# [messaging] Another Take At Public Key Distribution

Andres Erbsen andreser at mit.edu
Tue Jul 28 11:28:55 PDT 2015

(apologies for the blank email earlier -- no institute "of technology" should have their students use Outlook...)

TLDR: CONIKS doesn't usefully hide any userspace statistics either: it exposes
the equivalent of one HyperLogLog bucket per lookup.

Trevor pointed out the following concern about the keyserver design I presented
in my last post:

>  * You're publishing more of the user database than CONIKS, so there's

I would like to elaborate on how much information about the userbase is
revealed in each system, and what can be done about it.

In my design, there is a defined interface using which verifiers can access
all changes that occur in the userbase: each registration and each key change.
Now, the verifiers do not see anything but the the signing key, but they do see
that a change happened and are able to tell registrations from updates. Thus,
it is trivial for an interested party to see how many users a keyserver has and
how many users it is gaining, modulo dummy entries added to confuse this exact
measurement.

CONIKS as described in the latest public paper does not provide any special
interface for accessing userbase data in bulk. However, the Merkle tree proofs
used to argue that an index (vrf output) maps to an entry do leak some
information about the userbase. In particular, looking up a 256-bit index p
revealds for each i \in 0..255 whether the tree contains some index p'
such that the first i bits of p and p' are equal but bit i+1 differs. It does
not reveal the number of such p', but just the existence is enough to leak the
number of users through multiple queries.

Let's say (for the sake of the argument) that we are trying to figure out the
number of users of a secretive CONIKS server. Let's start with the simplified
case where we are allowed to look up any index (path) of our choice without
having to provide an username that maps to it (I will generalize later). We
would set m = 2^d to the largest power of two that is not above the number of
queries we are allowed to make. We would query m indices, each one starting with
a different d-bit prefix and followed by all 0-s. To consider a small example,
m = 4 (d = 2) would result in the queries 11000000..., 1000000..., 01000000...,
and 000000000..., each one padded to 256 bits. For each query q_i we would note
the largest depth l_i (starting from 0 at our offset d) at which another index
branches off from the one queried. A simple (but high-uncertainty) estimate for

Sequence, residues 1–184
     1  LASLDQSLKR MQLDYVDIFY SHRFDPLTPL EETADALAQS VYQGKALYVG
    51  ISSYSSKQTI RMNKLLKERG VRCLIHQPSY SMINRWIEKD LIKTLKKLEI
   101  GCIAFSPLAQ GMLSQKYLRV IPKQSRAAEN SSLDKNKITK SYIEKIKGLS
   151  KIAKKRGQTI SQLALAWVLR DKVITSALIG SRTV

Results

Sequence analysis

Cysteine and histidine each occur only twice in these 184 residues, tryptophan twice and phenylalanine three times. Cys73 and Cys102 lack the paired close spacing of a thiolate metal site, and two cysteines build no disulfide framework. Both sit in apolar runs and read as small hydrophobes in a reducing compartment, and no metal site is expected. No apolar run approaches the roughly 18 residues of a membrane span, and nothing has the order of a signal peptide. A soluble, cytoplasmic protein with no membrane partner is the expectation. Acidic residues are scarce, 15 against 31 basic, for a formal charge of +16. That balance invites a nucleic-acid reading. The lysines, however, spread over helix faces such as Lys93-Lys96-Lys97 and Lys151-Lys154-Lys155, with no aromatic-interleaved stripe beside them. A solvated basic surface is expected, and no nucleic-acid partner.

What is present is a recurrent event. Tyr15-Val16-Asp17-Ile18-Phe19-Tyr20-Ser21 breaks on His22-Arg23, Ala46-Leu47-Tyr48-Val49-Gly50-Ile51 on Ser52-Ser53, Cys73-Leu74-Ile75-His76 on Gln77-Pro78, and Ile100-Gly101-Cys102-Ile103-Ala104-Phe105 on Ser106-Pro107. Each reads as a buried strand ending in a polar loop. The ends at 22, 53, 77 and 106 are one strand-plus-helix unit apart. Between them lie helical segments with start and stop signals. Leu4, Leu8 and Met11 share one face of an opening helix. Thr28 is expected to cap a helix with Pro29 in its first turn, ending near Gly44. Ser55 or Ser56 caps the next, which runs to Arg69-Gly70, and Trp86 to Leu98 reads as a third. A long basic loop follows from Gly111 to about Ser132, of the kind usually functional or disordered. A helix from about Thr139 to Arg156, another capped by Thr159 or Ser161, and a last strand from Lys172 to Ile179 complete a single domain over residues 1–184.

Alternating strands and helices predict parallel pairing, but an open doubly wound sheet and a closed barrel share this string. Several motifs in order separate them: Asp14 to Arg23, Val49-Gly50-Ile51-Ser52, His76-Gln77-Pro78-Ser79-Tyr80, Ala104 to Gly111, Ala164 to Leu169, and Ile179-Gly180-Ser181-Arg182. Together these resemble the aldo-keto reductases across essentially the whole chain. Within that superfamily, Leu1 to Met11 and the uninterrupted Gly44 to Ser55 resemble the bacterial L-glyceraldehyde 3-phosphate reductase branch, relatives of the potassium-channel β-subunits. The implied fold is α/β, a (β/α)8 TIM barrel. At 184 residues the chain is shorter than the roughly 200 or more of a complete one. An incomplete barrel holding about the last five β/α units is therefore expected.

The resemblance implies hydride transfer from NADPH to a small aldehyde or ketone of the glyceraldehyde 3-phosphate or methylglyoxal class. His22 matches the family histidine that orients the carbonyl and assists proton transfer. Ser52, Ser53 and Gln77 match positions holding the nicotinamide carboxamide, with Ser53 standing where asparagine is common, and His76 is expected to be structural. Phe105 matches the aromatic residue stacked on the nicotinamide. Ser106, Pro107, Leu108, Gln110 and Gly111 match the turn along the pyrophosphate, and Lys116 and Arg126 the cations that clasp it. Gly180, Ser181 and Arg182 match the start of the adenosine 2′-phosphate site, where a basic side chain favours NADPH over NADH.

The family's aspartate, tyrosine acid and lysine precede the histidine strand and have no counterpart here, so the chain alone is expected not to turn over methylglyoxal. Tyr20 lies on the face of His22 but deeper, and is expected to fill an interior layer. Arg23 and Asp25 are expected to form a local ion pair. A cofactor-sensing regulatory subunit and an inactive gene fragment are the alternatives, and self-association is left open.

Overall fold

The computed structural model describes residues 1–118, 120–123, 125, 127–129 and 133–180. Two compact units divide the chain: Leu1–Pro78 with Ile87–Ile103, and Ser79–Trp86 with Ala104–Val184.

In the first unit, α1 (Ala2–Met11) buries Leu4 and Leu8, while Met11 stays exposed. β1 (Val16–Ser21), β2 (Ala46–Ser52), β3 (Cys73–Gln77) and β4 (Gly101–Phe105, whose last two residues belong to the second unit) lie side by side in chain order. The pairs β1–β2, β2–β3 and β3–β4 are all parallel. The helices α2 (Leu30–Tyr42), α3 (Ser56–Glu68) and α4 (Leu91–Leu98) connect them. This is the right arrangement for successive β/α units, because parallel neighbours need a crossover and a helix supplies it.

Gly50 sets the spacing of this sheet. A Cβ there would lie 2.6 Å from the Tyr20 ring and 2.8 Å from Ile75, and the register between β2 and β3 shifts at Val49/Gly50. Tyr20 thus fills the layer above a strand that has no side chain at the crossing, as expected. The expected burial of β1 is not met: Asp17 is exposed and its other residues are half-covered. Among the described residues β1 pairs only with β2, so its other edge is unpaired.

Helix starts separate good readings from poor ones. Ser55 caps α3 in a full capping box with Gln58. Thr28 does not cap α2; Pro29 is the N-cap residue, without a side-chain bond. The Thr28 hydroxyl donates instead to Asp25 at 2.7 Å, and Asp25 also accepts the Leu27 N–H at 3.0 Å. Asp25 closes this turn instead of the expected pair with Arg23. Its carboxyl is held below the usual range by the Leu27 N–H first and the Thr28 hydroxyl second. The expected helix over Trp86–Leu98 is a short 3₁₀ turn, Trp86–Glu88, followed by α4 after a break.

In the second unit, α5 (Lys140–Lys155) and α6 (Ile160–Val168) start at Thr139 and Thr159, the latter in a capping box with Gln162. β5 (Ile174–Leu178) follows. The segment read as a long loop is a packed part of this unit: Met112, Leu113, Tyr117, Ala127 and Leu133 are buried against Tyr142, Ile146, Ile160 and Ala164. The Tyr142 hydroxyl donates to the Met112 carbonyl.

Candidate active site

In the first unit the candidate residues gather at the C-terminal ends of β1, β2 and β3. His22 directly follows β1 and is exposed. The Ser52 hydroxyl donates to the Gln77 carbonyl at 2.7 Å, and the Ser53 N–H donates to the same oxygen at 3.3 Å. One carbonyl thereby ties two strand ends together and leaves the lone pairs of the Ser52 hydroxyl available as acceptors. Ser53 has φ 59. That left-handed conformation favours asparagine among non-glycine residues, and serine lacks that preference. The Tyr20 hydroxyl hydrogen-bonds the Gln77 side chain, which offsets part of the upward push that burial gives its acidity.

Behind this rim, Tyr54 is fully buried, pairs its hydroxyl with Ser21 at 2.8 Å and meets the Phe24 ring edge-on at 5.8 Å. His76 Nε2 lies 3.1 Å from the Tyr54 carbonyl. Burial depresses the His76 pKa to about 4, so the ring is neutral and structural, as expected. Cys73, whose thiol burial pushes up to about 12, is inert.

the number of users in subtree i would be 2^l_i. However, our estimates for the
number of users in each of the m subtrees are independent, so their absolute
variances add and result in the total the total relative standard error being
divided by sqrt(m) as in HyperLogLog estimation[1][2]. To throw some numbers,
m=1024 (d=10) lookups would admit a relative error of 4%, and multiplying m by
100 would divide the relative error by 10.

The last paragraph assumed that we can look up indices of our choice, but that
really isn't necessary. According to the coupon collector's problem, we could
acquire our m buckets using (in expectation) m*ln(m) queries, or alternatively
we just accept a slightly higher error by taking the first k of m that we are
able to query and estimate the rest based on these. We also can't ensure that
the suffixes contain only zeroes, but that doesn't matter; we get the same
information (in expectation) from any query in the bucket.

I believe the rate of change of userbase can be estimated similarly: to compute
the number of changes between two rounds of queries, simply consider the
responses that already appeared during the first round not to exist during the
second. Also note that the heuristic described in the last paragraph, while
probabilistically sound, is by no means optimal: all but one branch point that
we see in a lookup get ignored.

Now, none of this constitutes a break of any property of CONIKS I care about.
I would even say that this situation makes intuitive sense to me: the proof of
one username:key mapping has to be distinct from the proofs for all other
mappings, and thus has a minimal size limit dictated by the number of entries.
It would probably be possible to make the proof less structured and thus make
it harder to recover statistics from there, and it might be worth thinking
about whether the service-provider could use a zero-knowledge argument, but
neither of those address the size requirement. And accepting the dataset size
leak as inevitable hints at an obvious work-around: dummies. The keyserver is
free to create dummy users which do not correspond to real people and exist
solely to add noise to the measurements about the actual userbase.  This works
as long as the dummy users are indistinguishable from real ones, which is easy
to achieve in both CONIKS and the design I proposed. Updates to the dummies can
mask real key changes. ... I agree that this sounds inelegant, but I am not
aware of anything easier that would be compatible with auditing.

[1]: https://highlyscalable.files.wordpress.com/2012/04/log-log-formulas.png
[2]: https://highlyscalable.wordpress.com/2012/05/01/probabilistic-structures-web-analytics-data-mining/